Sex hormones are steroids (fat soluble compounds) that control sexual maturity and reproduction. These hormones are produced mainly by the endocrine glands. The endocrine glands in females are ovaries and those in males are testes. While both males and females have all types of hormones present in their bodies, females produce the majority of two types of hormones, estrogens and progesterone, while males produce mainly androgens such as testosterone. Most androgens produced by females are converted to estrogens and some androgens in males are also converted to estrogens. Sex hormones are synthesized from cholesterol (a fatty acid) and other compounds and secreted throughout a person's lifetime at different levels. Their production increases at puberty and normally decreases in old age.
The production of hormones is a complex process. At puberty, the brain's hypothalamus gland produces increased amounts of gonadotropin-releasing hormone. This hormone stimulates the nearby pituitary gland to release two other hormones: follicle-stimulating hormone (FSH) and luteinizing hormone (LH). Finally, these two hormones signal the sex glands (gonads) to produce the sex hormones.
Female Reproductive Cycle
Females produce three estrogens: estradiol, estriol, and estrone. These estrogens stimulate growth of the ovaries and begin preparing the uterus for pregnancy. Estrogens also control the body's secondary sex characteristics, including breast and pelvic development and the distribution of fat and muscle. Progesterone maintains uterine conditions during pregnancy. It also acts on the central nervous system in a way that isn't yet understood.
During the monthly reproductive cycle, FSH stimulates growth of an ovarian body called the graafian follicle. The follicle encloses the egg. LH aids in the rupture of the follicle, sending the egg to the fallopian tubes. LH also promotes growth of the corpus luteum (a yellow, progesterone-secreting mass of cells that forms from an ovarian follicle after the release of a mature egg) as the ovary prepares to release the egg into the uterus.
If no pregnancy occurs within 10-12 days, the corpus luteum withers and the uterus sheds the blood supply that was formed to nourish a fetus. This shedding of the uterine lining and blood supply is called menstruation (the period). The production of estrogens and progesterone drops dramatically, and the cycle begins again.
In males, LH stimulates the development of the testes. The testes produce the androgens testosterone and androsterone. When FSH activates the testes' sperm-forming cells, testosterone maintains the process of forming sperm. This is the ten-week process results in sperm constantly ready for release by ejaculation from the penis. The androgens also promote the secondary sex characteristics of muscle growth, lowered voice range, the Adam's apple, and increased body hair.
Sex hormones were studied intensively during the 1920s. Discovery of their steroid structure and relationship to other steroids was the key to their isolation and synthesis. The first breakthroughs came in 1929 with the female hormones. American biochemist Edward Doisy (1893-1986) isolated a crystalline form of estrone. Five years later, German biochemist Adolf Butenandt (1903-) and his colleagues isolated progesterone.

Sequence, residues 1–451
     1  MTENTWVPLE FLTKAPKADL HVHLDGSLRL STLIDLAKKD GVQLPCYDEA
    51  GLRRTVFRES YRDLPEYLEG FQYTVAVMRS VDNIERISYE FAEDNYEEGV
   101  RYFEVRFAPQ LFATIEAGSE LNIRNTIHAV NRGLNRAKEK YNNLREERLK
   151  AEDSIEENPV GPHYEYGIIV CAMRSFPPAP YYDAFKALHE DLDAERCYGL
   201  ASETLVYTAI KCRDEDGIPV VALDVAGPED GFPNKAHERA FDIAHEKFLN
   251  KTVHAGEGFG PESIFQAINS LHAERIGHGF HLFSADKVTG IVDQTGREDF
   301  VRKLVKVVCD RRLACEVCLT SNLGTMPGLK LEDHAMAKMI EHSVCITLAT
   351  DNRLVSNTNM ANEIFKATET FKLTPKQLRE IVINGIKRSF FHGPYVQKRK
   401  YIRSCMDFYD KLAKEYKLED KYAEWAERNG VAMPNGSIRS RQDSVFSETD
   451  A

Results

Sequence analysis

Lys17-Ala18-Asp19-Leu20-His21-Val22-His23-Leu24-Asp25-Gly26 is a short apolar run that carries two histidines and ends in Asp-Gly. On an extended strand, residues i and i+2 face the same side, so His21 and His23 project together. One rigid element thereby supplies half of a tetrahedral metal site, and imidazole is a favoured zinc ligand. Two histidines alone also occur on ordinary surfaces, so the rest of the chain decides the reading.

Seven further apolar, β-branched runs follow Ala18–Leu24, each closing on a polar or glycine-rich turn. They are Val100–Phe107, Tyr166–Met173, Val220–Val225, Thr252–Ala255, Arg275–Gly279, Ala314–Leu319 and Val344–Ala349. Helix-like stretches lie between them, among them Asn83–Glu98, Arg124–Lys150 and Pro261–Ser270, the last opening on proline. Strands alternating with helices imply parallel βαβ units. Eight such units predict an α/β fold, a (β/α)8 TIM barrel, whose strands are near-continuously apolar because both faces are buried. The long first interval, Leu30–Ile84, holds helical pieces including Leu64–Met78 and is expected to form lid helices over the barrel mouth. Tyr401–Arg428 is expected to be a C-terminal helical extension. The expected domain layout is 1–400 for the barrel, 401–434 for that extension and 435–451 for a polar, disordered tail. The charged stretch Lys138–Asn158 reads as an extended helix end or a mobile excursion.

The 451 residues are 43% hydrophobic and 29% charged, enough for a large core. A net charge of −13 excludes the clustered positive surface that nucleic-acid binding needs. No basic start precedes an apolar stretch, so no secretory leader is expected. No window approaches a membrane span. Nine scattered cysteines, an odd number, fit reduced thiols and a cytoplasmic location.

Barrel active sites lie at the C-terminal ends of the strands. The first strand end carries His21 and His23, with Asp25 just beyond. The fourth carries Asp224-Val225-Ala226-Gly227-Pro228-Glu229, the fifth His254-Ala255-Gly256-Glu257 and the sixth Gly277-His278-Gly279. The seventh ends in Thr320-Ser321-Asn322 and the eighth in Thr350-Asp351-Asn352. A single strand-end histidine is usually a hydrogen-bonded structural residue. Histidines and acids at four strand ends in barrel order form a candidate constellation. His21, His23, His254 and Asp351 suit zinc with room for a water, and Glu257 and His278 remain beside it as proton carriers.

In 1931, American biochemists H. L. Fevold, F. L. Hisaw, and S. L. Leonard discovered luteinizing hormone (LH) and follicle-stimulating hormone (FSH). That same year, Butenandt and Kurt Tscherning isolated the male hormones. In further male hormone developments, Swiss biochemist Leopold Ruzicka (1887-1976) soon determined the structure of testosterone. In 1934, Ruzicka partly synthesized androsterone from cholesterol, after proposing its structure. This was the first synthesis of a sex hormone and the first proof of the relationship between cholesterol and sex hormones.
Butenandt's group also showed that the sex hormones were related to cholesterol and bile acids, and in 1939 converted cholesterol into progesterone. For their work in demonstrating the structure of steroids, including the sex hormones, Ruzicka and Butenandt shared the 1939 Nobel Prize in chemistry.
Commercial synthesis came next. In the 1930s, Austrian chemists were synthesizing male and female hormones from soybean sterols (cholesterol-like substances). This process was expensive because it was hard to separate the sterols from each other. American chemist Percy Julian (1899-1975) discovered a much easier way to separate sterols, which permitted inexpensive synthesis of both progesterone and testosterone. American chemist Carl Djerassi (1923-) is also noted for synthesizing estrone and estradiol (estrogens) from plant materials.
Medical Uses of Hormones
In 1941 American surgeon Charles Huggins (1901-) was the first researcher to use chemotherapy (the chemical treatment of disease). Huggins treated prostate cancer with female sex hormones. For his work, he received the 1966 Nobel Prize in medicine. Today both male and female hormones are used to treat many kinds of cancer. Estrogen is also administered to treat menopause-related conditions and osteoporosis (the loss of bone calcium).
In addition to its use in the treatment of cancer, testosterone is administered by injection to treat men's sexual dysfunctions, such as impotence (inability to have an erection) and low sperm counts.
A synthetic progesterone called progestin was used in the first female oral contraceptive (birth control pill). The pill was developed by Americans Gregory Pincus (1903-1967), Min-Chueh Chang (1908-), and John Rock (1890-1984). Today a variety of pills containing varying amounts of progesterone and estrogen are available by prescription.